Monday, May 27, 2013

"Make It Go, Stretch"

Dear Uncle George:

I have a problem with too many buttons.  I mean so many options and a girl  likes options.  Except when it is necessary they be in order so that they can make things "go."

I don't like to be bothered with making things "go," so 16 years ago tomorrow I had a son so he could do it for me.   You know, turn on the TV.  The DVD.  Movies.  Nothing you know anything about, but trust me, worth it.  

It really has worked out well for me.

All I have to say is "Make it go" and the men in my life hop up, thrilled that they can serve me at anytime and my every whim.  :)  Not.

"Mom, can't you learn to do this yourself?"

 But I know I have succeeded in my mothering when he says "I know, make it go"  BEFORE I ask.  Who says all that brainwashing I did when he was young didn't paid off?

How does one retrace someone else's steps 106 years after the fact?  How does someone make a journey like this "go?"

Well, the obvious answer is there has to be some sort of footsteps recorded to retrace.

I know..brilliant deduction, eh?  Which is hard to believe that I basically failed Deductive Logic my freshman year of college.  I remember the professor running after me one day and telling me if I just tried harder, he was sure it was in there.  Ha UAA professor!  You were right, but only 26 years too early!  He would be so proud.  Wait, is this even deductive logic?

So, fortunately for me, because you were a great record keeper and meticulous about washing your feet, I am able to do just that.


Retrace.  Weird word.  When I hear the word "trace" I think of a documentary of ballerinas who are anorexic and had to trace their bodies one day on giant butcher paper so they could see a true representation of what they looked like.  It is called "body dis morphia" which I think I have because I always have thought I look like I weigh 400 pounds (which I don't, although I may or may not think I do today, so maybe I need to get some butcher paper out...)  But like your compulsive feet washing, I am sure there is some sort of medicine for me.

Here, on this stormy day (who says that 200+ people coming to my best friends house in 5 hours to eat BBQ can't be fun in a tornado?) I am thinking of some great resources.

Resources about you.

Just reading through this amazing book of your mission.  It is known as "Church History in Black and White" edited by Richard N. Holzapfel, T. Jeffery Cottle, and Ted D. Stoddard.  Richard seems to actually be one busy fella....BYU professor, editing books, writing articles, and serving as a mission president--coincidentally in the Alabama, Birmingham mission, where I served mine on visa delay (shout out to ya'll!).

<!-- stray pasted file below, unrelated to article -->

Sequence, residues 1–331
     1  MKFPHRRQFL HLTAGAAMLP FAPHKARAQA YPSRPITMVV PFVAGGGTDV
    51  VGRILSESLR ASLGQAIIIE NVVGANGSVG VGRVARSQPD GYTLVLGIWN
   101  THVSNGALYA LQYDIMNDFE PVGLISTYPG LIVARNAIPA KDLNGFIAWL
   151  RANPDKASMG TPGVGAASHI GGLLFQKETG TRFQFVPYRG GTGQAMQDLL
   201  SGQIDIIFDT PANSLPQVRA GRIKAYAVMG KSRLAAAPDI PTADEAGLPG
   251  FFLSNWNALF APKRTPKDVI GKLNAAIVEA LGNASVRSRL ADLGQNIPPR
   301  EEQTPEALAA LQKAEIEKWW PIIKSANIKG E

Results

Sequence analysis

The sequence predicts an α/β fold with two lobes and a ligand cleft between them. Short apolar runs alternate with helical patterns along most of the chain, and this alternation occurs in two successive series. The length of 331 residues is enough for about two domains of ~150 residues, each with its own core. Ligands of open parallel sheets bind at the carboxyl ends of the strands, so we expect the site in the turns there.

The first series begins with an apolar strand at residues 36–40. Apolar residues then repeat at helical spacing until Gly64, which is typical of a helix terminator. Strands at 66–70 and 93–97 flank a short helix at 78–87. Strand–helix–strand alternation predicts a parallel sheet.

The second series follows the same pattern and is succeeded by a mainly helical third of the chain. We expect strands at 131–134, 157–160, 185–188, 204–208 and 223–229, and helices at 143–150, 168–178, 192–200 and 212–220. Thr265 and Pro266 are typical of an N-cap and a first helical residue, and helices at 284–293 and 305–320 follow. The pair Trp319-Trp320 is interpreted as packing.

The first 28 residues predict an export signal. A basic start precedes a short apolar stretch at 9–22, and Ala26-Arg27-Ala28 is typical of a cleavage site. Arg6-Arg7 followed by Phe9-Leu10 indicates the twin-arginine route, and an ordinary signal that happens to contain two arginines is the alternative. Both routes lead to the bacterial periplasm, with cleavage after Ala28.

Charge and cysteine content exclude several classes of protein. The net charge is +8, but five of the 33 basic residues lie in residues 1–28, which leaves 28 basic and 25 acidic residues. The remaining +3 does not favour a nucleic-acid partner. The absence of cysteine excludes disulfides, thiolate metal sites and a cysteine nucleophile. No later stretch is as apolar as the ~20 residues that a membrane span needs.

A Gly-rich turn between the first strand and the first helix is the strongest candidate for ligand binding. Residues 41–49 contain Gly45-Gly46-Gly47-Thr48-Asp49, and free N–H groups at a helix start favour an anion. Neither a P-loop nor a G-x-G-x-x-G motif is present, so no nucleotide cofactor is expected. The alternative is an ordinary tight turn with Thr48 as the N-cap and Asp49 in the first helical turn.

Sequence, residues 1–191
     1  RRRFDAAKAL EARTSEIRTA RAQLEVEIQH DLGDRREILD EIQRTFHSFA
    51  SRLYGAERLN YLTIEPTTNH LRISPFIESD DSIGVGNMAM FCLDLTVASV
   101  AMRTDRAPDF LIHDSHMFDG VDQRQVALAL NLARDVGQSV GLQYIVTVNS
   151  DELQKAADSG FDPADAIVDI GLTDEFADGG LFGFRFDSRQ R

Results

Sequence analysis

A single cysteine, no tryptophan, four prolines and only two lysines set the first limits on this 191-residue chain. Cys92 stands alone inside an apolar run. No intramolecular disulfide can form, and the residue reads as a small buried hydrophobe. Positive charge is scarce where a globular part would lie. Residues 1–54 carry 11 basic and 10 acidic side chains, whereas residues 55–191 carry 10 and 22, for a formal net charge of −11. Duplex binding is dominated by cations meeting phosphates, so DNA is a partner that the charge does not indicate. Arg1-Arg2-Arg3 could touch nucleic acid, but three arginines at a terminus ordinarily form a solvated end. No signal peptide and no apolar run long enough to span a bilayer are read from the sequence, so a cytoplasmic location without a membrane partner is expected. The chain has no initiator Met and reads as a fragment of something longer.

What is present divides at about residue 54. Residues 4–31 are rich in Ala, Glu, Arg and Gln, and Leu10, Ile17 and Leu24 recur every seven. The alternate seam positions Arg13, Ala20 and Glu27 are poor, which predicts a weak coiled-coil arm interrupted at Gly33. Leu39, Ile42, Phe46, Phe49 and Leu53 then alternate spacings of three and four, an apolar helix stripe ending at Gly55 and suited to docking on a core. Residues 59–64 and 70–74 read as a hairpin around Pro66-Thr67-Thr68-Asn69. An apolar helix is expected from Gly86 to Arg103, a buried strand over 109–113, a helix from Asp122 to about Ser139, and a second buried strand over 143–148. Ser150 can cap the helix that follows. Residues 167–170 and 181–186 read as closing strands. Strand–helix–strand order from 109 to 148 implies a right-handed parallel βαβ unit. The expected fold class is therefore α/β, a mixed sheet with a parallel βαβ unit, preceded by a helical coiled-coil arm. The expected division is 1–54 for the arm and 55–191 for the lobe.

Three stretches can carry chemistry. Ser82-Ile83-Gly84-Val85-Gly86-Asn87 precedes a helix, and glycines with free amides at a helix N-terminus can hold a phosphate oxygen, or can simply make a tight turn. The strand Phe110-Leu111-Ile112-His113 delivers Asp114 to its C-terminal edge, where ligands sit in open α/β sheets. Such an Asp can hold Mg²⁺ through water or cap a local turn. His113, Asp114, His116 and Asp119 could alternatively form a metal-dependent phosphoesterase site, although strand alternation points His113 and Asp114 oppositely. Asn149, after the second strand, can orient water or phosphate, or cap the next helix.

I tracked him down about a year and half ago to see what he thought about my idea of the "mini mission" and he was like, "Youin' should do it."  Well, he didn't really say "youin'" like Billy Geer I taught from my time there but it makes it sound more fun.  I doubt professors say "youin" in their daily conversation....perhaps if my logic professor had, maybe I would have been motivated.

Get a copy today!

Actually, let me add my disclaimer here:  
I know these pictures stink.  But some cameras need to have some distance  to perform but when your arm is not  connected to Stretch Armstrong's body (speaking of Stretch Armstrong, let me insert a photo here that I did not take---thanks Google--and I didn't even need my personal Google Assistant Greg L. to find it for me!) a girl does the best she can.  My brother had one.  The coolest thing about Stretch is when his magic stretch body finally tore, it "bled" some sort of toxic red gel.  Stretch, like Iron Man, was vincible!  Looking at this picture below, Stretch seemed to spend a lot of time hugging himself.  They have medication for that, too, Stretch. 

Here is another example of crappy photography...oh, I mean of Church history maps and guide books.  This is by LaMar Berrett, who I don't know says "youin" or not.

As always, it is not my fault that these pictures stink.  See, the Boy and Girl are having some sleep over somewhere in the famous meth lab capital of Missouri (see Independence) and Mr. Fun is still checking his eyelids for holes.  That leaves me and the five catties, who really are pretty useless to me since they don't have opposable thumbs to hold the books up at a decent distance.  You know, as I type this, what purpose do those five cats really serve?  Hold on for minute, I gotta run an errand to the local shelter and drop five somethings off.  :)

One more picture to tease you.  Richard I have called him accidentally for the last 15 years, did another book called "Old Mormon Kirtland and Missouri."  It has been very useful, not only to me but for the others who have used it to get around when they come to visit us here in Zion.  As you can see for yourself, someone spilled something weird on it (definitely not beer because I did not take it to the party at Eddy's house.) I bet you just said to yourself, "Who the heck is Eddy?"

Uh, you were known by "Ed" or "Eddy."  Hello, Richard's black book on page 3 of the Introduction told me so. I have known a couple Eds in my life.  Ed D. who used to always say "eat, eat" when you would go to his house.  There was Eddy H. who I went to school with most of my life.